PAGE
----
09/03/2021 – Sustainability / Plastics / Covid / Bureau Veritas / UK

Bureau Veritas presses firms to renew their sustainability focus following a rise in single-use plastics

UK businesses are being urged to prioritise their efforts to reduce single-use plastics by certification leader Bureau Veritas, following a rise in plastic waste in 2020 as firms took steps to limit human contact during the coronavirus pandemic. 

 

Some café chains and train operators banned reusable cups at the height of the coronavirus pandemic, while a number of supermarkets removed loose fruit and vegetables to reduce the risk of transmission. Moreover, the 5 pence charge for single-use plastic bags was waived for online deliveries between March and September 2020.

 

This prioritisation of hygiene over sustainability fuelled a rise in single-use plastic waste, after years of strong efforts to begin tackling the global plastic waste issue. 

 

Now, Bureau Veritas – a leading sustainability authority, and global leader in testing, inspection and certification services – says it is time to get back on track towards a low-carbon future. Such an endeadour is especially important ahead of the 26th UN Climate Change Conference of the Parties (COP26), set to be hosted by the UK in November.


Getting businesses back on track


“The circular economy business model will be key if the UK is to achieve the Government’s target of net-zero emissions by 2050 – and reducing the use of single use plastics plays an important part in this,” stressed David Murray, Technical Director for Sustainability at Bureau Veritas, who added that tackling this issue would undoubtedly be a key priority ahead of the COP26 in Glasgow later this year.

 

“The surge in single-use plastics last year was necessary,” he added, “but now that the world has largely adjusted to Covid-secure measures in the supply chain, we should be looking at ways to reduce plastic waste once again.”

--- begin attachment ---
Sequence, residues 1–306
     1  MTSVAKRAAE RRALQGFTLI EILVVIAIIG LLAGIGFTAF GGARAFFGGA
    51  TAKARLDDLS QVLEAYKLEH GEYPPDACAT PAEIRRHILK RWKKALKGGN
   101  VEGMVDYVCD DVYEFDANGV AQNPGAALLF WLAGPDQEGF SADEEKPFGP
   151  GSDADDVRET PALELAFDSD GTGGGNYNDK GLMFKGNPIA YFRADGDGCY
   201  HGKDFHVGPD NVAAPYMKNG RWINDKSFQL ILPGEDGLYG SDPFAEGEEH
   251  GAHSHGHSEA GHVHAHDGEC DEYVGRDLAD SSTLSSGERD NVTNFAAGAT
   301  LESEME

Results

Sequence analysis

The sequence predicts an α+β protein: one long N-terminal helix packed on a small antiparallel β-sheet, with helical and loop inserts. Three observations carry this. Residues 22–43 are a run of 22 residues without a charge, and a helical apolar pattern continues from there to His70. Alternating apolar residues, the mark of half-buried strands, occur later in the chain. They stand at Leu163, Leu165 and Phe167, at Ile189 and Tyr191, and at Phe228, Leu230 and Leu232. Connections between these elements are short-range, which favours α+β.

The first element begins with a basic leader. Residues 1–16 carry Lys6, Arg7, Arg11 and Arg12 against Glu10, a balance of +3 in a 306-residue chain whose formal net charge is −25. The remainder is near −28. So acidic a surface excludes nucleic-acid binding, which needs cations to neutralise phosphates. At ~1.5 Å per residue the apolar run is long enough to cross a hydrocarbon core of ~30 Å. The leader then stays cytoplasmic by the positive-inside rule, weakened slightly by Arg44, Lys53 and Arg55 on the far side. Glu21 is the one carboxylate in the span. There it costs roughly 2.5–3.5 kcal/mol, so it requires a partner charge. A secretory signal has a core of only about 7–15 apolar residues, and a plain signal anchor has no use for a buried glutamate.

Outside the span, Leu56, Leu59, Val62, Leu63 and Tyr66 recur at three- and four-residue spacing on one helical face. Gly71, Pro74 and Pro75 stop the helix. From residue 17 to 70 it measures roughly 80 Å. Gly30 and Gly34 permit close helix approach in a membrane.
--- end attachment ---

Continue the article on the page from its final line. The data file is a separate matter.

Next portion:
International and national policy changes and increased efforts throughout supply chains have driven progress in the UK’s efforts to reduce plastic waste as part of a wider approach to improve sustainability. The 5p charge on carrier bags, for example – which is set to double in April 2021 – has thus far reduced their use by over 80 per cent. 

 

However, with the UK’s ban on single-use plastic items including straws and stirrers now in force (delayed from April 2020 to October 2020), it is vital to prioritise efforts once again.


Companies must “embed sustainability into their operations”

 

Mr Murray added that his organisation was still observing examples of firms taking steps to reduce their impact through packaging innovation and other measures. “Just this month, Co-op announced it is removing the plastic packaging from its Easter eggs as part of a drive to cut unnecessary plastic from its own-brand ranges,” he told us. “But more still needs to be done by UK businesses to embed sustainability into their operations – and this is the perfect opportunity to refocus their efforts.”


Bureau Veritas has experience and technical expertise in helping some of the world’s largest organisations improve their sustainability performance in a number of sectors including food, pharmaceutical, financial and manufacturing. With a proven track record in verification of environmental, health & safety and social data, including conducting audits against the requirements of ISO 14064 Part 3, Bureau Veritas is also a GRI Community Member, an AA1000AS Licensed Provider and a UKAS accredited ISO 14064-1 Verification Body.

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